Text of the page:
3 Keys to the Future of the EV Market
Electric vehicles are growing in popularity, but their future viability is still up in the air.
As electric vehicles like the Chevy Volt and the Nissan Leaf gain a foothold in the consumer market, the days of plugging your car into the wall to power up after the evening commute are coming closer to reality.
At an event hosted by Schneider Electric in Chicago last fall, Allen Breeze, senior vice president for Schneider’s power business, sat down to discuss what the future of residential EV charging stations will look like.
Though it is growing, there are a handful of reasons why consumer adoption of EVs isn’t exploding. First, of course, is price. A 2013 Chevy Volt starts at $31,645, almost $10,000 more than a comparable gas-driven vehicle like the Toyota Camry. But price isn’t the only thing restricting the EV market.
The lack of a nationwide infrastructure means drivers can’t yet have confidence they’ll find an energy supply along the way during longer trips. Also, the budding market segment lacks uniformity that would benefit consumers.
“We’ve got to make sure that we have compatibility standards in place so that we have consistency from manufacturer to manufacturer so that when you pull up to an EV supply you know you can plug your vehicle in,” says Breeze.
But as the infrastructure becomes more robust and the cars improve, Breeze says the price points on electric vehicles will drop – and things will really start to change.
“As that price curve starts to go down a bit, I think you will continue to see more and more adoption,” Breeze says.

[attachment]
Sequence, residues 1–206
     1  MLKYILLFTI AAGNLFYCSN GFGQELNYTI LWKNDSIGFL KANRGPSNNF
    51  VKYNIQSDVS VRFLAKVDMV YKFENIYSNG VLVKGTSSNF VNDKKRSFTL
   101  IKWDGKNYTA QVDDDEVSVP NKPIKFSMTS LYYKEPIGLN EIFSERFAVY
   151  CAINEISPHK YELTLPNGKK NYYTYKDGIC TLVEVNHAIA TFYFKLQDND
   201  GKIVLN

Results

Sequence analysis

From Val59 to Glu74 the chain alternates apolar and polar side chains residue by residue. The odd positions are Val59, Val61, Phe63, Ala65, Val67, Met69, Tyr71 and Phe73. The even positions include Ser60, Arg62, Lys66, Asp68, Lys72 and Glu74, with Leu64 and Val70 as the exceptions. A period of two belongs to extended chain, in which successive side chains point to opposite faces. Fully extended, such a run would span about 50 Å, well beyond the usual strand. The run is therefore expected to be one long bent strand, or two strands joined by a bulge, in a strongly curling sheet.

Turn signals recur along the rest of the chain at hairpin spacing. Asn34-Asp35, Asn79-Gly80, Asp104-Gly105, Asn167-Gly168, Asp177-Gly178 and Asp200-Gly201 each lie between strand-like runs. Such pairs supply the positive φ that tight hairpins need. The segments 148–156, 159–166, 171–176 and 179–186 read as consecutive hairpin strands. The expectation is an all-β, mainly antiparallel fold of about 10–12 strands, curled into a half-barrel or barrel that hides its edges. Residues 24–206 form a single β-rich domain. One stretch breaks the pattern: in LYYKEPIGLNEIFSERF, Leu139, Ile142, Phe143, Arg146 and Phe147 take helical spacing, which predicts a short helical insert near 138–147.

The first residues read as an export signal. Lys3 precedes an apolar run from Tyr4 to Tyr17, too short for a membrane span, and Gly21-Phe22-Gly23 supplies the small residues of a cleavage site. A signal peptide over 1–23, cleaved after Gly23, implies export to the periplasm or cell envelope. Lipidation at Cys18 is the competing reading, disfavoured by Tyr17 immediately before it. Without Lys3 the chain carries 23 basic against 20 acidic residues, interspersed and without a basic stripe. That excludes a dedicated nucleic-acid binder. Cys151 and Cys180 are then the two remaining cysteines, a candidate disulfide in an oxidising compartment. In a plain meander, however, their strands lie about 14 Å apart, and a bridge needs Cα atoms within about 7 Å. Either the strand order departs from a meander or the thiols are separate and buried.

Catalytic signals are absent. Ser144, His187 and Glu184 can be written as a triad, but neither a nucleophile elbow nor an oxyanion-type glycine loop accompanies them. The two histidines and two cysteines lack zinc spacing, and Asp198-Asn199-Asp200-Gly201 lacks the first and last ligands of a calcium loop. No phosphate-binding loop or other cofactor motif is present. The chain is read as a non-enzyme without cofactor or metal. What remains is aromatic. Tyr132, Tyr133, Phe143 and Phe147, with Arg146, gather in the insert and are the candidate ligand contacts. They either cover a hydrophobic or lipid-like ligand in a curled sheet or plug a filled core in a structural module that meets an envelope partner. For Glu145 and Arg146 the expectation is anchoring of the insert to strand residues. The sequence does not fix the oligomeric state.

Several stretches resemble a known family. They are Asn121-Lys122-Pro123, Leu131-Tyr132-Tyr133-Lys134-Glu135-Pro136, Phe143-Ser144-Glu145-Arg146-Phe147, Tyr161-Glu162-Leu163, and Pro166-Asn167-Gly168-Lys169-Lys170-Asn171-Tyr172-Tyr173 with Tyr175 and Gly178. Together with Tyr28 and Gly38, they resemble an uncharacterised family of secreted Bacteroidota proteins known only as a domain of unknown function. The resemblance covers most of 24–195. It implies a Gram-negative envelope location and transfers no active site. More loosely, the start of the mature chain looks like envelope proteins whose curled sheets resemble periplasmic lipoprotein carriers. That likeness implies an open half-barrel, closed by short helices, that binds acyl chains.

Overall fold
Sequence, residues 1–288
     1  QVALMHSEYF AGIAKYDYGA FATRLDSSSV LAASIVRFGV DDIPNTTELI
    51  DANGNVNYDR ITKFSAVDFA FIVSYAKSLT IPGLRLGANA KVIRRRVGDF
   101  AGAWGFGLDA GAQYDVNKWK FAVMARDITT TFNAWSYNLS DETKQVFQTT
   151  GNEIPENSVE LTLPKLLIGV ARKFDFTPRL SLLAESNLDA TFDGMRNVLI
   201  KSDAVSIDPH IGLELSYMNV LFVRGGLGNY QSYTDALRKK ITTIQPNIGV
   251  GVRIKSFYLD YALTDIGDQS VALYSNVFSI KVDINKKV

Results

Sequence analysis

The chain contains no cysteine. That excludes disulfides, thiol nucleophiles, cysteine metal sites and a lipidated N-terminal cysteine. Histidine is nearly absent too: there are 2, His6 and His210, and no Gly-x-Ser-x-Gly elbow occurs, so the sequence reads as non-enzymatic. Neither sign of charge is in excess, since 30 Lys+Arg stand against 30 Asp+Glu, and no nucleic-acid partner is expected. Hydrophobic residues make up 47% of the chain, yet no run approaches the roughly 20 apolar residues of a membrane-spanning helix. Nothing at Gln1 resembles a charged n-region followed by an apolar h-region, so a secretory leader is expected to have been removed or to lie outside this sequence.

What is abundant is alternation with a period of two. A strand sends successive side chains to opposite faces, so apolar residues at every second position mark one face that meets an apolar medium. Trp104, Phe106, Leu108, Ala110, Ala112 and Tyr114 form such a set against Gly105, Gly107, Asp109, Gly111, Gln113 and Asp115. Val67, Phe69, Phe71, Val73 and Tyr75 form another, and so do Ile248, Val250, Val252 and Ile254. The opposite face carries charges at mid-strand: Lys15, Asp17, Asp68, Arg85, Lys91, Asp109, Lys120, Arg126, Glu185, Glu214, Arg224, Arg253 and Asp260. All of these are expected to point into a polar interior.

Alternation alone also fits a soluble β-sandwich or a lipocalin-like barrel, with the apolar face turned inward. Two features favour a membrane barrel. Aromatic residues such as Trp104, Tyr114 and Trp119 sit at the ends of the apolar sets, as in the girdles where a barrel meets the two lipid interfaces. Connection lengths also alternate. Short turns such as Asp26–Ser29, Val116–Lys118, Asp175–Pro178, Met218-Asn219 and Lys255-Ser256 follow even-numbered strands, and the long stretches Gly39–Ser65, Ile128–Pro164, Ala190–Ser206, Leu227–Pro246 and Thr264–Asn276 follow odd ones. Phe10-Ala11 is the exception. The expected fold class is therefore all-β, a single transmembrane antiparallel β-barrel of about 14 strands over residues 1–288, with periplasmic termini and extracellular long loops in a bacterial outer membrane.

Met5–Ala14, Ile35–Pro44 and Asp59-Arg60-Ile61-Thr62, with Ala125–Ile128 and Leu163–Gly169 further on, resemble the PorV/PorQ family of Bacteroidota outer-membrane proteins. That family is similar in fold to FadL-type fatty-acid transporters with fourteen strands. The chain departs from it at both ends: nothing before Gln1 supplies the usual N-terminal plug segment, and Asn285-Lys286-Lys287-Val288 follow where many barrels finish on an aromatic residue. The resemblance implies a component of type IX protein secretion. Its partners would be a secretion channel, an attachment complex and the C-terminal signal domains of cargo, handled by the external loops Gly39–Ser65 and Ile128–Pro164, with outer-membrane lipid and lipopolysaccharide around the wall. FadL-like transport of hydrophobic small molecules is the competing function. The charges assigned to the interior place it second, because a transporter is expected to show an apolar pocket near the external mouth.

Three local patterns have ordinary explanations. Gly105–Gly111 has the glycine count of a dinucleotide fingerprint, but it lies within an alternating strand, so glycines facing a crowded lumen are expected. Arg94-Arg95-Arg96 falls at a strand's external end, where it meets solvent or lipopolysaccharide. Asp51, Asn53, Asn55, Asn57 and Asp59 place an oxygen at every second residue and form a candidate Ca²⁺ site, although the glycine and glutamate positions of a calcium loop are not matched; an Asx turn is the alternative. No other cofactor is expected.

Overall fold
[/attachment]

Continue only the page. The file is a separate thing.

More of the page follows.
Much like any type of major home improvement would, installing an EV charging station in a residential unit will require a permit. But that’s getting ahead of the game a little bit – first consumers will need to consult an electrician or integrator to determine if their homes have the capacity to support a charging station or if they’ll need to upgrade their home’s electrical service. That assessment, and possibly the results of that assessment, offer an opportunity for integrators.
“So if you had an older home that, say, has a 100 amp electrical service that’s completely loaded today, it may require a service upgrade to a larger service because the load you’re talking about is typically a 240 volt, 30 amp load,” Breeze says. “It’s like adding another electric dryer, if you will, inside the home. If you have, though, a larger service and the capacity is there, it’s really no more complicated than an electrician that would come in and run a circuit out to either the exterior of your home or inside your garage, depending on the type of model that you want to get. And then the actual unit would be mounted to the wall and installed and plugged in and ready to go.”
Offsetting the Energy Load
Many current electric car owners also have solar installations in their home, says Breeze. Whether that’s because the average electric vehicle owner has an above-average interest in alternative energy or simply because it’s a good way to mitigate the additional load, Breeze says solar is a great option. And with the wealth of programs that exist to encourage consumers to use alternative energy, putting solar into a home doesn’t have to break the bank.
“Of course, with the incentives that are in place, some with local utilities, some with [municipalities and states] as well as with what’s available federally, you can help offset the cost of that as well for the installation cost.”
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